An alternative preferred embodiment of the present invention, the laser scanner 12 shown in Figure 2, is very similar to the laser scanner 10 of Figure 1, with the exception of the incident and output laser beams. In this case, the incident laser beam 50 is collimated instead of focused. Collimated beams are reflected along paths 26 and 36, or some intermediate path, depending on the angle or position of the scanning mirror 16. The lens 18 refracts the collimated beams so that they focus at a focal plane 52 on the output side of the lens 18. The spots 54 and 56 of the pattern thus projected onto the target tissue are focused, small diameter spots. Again, the relative positioning of the spots within the pattern does not change as a function of the separation distance between the lens 18 and the target tissue. The spot size does change somewhat as a function of the separation distance between the target tissue and the focal plane 52, but the variation is not great, which allows for some movement of the laser scanner relative to the target tissue.

Figures 1 and 2 show how the invention works in one dimension. In the preferred embodiments, the laser scanner of the present invention produces a two-dimensional pattern by using a mirror or system of mirrors that project the laser beam onto the lens 18 in a two-dimensional pattern.

The laser scanner 10 is further illustrated in Figures 3-7. As shown in Figure 5, the laser scanner 10 has two independently controlled mirrors 60, 62 that scans the laser beam in two orthogonal directions. Mirror 60 is mounted on a mirror mount 63 and is pivoted about axis 64 by a rotary galvanometer 66. Mirror 62 is pivoted about an axis 68 by another rotary galvanometer 70. The axes of rotation of the mirrors 60, 62 are mutually orthogonal and are also orthogonal to the incident laser beam 72. The galvanometers 66, 70 are powered and controlled by a controller (not shown) that supplies appropriate voltages to the galvanometers to cause them and the attached mirrors to rotate to the desired positions. The two mirrors 60, 62 are separated by a small clearance to allow the two mirrors to move independently. The point 20, which is one focal length away from the lens 18, is located between the two mirrors, which causes a small deviation from the ideal situation where the mirrors would be coincident with point 20.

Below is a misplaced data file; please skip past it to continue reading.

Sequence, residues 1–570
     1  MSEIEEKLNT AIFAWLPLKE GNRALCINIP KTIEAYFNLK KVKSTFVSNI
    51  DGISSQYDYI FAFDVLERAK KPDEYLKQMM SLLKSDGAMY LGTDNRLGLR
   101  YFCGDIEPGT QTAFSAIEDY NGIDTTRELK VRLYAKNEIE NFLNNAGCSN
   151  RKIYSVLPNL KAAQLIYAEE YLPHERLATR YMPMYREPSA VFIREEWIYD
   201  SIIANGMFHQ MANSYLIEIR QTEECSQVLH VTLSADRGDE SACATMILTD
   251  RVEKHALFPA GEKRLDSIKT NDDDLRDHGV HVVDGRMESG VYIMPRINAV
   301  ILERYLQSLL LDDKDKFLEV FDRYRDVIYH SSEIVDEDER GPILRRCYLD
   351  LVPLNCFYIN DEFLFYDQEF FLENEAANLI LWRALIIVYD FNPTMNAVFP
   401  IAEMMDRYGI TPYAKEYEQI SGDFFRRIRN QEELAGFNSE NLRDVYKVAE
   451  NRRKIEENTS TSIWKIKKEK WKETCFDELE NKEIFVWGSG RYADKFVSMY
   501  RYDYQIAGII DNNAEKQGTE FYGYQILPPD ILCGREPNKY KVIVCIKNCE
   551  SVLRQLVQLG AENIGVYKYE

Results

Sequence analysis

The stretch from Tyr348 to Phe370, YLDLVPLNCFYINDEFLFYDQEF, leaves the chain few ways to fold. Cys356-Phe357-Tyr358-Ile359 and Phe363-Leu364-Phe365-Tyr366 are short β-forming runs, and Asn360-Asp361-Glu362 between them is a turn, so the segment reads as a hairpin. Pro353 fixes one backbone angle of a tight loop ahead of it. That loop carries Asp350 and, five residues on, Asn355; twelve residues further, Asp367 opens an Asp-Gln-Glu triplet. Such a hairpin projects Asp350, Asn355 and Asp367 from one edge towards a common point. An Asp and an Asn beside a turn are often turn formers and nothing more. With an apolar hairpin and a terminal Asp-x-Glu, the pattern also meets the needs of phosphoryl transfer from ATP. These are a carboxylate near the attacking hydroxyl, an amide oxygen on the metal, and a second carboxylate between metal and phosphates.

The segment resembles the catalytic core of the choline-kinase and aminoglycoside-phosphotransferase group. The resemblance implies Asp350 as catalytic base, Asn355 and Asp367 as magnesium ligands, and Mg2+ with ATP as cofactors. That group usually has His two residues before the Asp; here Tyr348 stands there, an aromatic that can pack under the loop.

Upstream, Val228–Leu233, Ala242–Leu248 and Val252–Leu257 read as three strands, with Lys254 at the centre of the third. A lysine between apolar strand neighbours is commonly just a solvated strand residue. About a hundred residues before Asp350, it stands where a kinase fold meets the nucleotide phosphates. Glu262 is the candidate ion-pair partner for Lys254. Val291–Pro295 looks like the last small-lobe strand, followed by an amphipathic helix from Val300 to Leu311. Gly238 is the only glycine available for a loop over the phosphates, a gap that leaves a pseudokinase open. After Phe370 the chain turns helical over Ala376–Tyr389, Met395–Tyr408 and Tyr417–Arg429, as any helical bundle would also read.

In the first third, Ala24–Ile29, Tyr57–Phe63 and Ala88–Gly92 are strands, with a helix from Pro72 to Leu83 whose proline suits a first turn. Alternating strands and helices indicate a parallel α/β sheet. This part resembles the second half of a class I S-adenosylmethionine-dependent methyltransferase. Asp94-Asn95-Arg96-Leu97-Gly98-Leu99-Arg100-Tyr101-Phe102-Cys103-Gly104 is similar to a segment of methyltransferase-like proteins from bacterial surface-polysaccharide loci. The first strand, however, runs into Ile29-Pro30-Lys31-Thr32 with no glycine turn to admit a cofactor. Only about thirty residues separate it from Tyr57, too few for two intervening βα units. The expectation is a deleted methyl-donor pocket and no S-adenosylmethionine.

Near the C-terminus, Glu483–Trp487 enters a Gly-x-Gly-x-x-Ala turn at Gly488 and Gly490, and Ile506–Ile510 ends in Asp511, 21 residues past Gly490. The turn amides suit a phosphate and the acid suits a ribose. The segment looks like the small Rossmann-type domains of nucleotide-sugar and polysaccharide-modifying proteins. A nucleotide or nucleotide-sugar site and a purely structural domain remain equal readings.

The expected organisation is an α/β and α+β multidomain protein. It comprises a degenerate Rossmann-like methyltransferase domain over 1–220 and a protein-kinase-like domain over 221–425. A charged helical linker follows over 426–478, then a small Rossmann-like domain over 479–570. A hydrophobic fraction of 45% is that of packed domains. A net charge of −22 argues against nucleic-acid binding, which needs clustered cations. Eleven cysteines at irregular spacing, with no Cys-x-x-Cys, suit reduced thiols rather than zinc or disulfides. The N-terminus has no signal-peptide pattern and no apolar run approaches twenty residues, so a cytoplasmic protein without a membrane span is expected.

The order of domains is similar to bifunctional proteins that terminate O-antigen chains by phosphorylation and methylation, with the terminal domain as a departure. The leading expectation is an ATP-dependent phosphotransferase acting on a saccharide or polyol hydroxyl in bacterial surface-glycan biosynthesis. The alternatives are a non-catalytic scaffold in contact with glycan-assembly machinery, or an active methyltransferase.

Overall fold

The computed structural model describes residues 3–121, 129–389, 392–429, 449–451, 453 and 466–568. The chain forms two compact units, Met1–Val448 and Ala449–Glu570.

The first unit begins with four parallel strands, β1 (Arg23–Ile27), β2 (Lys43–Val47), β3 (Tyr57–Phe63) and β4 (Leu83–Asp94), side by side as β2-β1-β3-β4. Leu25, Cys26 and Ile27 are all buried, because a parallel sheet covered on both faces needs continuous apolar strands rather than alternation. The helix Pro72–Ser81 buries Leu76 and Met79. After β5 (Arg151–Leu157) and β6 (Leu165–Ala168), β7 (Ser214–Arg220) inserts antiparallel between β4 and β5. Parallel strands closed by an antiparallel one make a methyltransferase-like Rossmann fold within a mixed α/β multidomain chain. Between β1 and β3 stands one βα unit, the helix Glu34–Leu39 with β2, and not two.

The laser scanner 10 also includes a frame 74 and a cover 76 that houses the galvanometers 66 and 70. An exit tube 78 is attached to the frame 74 and provides a mounting for lens 18, a lens retainer 80, a spacer 82, a window 84, and a window retainer 86. At a distal end of the exit tube 78 is a smoke evacuation tip 88, including an inner tube 90, an outer sleeve 92, and a port 94. Also at the distal end of the assembly is a spatula 96.

As shown in Figures 3 and 5, the laser input end of the laser scanner 10 has an internally-threaded coupling 100 that attaches the laser scanner to the distal end 101 of an articulated arm 102 of a laser 103. (Figure 3 is not to scale) . In the preferred embodiment, the laser beam is created by the Ultrapulse 5000, a carbon dioxide laser manufactured and sold by Coherent, Inc. The Ultrapulse 5000 produces a pulsed infrared laser beam having maximum specifications of 500 mj per pulse, a pulse duration of up to 1 ms, at a repetition rate of 500 Hz, for an average power of 250 Watts.

As shown in Figure 5, between the coupling 100 and the mirrors 60, 62 are beam conditioning optics that focus the collimated input laser beam to the point 20, which is one focal length of lens 18 away from the lens. The beam conditioning optics includes two lenses 104, 106 mounted in a telescope body 108. Lens 106 is fixed and is mounted in a lens holder 110 and retained by a retainer 112. Lens 104 is movable and is mounted in a lens holder 114 by a retainer 116. The lens holder 114 is rotatably mounted within the telescope body 108. A drive pin 118 is mounted to the inside of an adjustment knob 120 and engages a helical slot 122 in the outside of the lens holder 114. The position of the lens 104 is adjusted by rotating the adjustment knob 120. A guide pin 124 attached to the lens holder 114 rides in an axial slot in the telescope body 108 and prevents the lens holder 114 from rotating. As shown in Figure 3, the adjustment knob 120 is calibrated to indicate the approximate diameter of the spot of the output beam.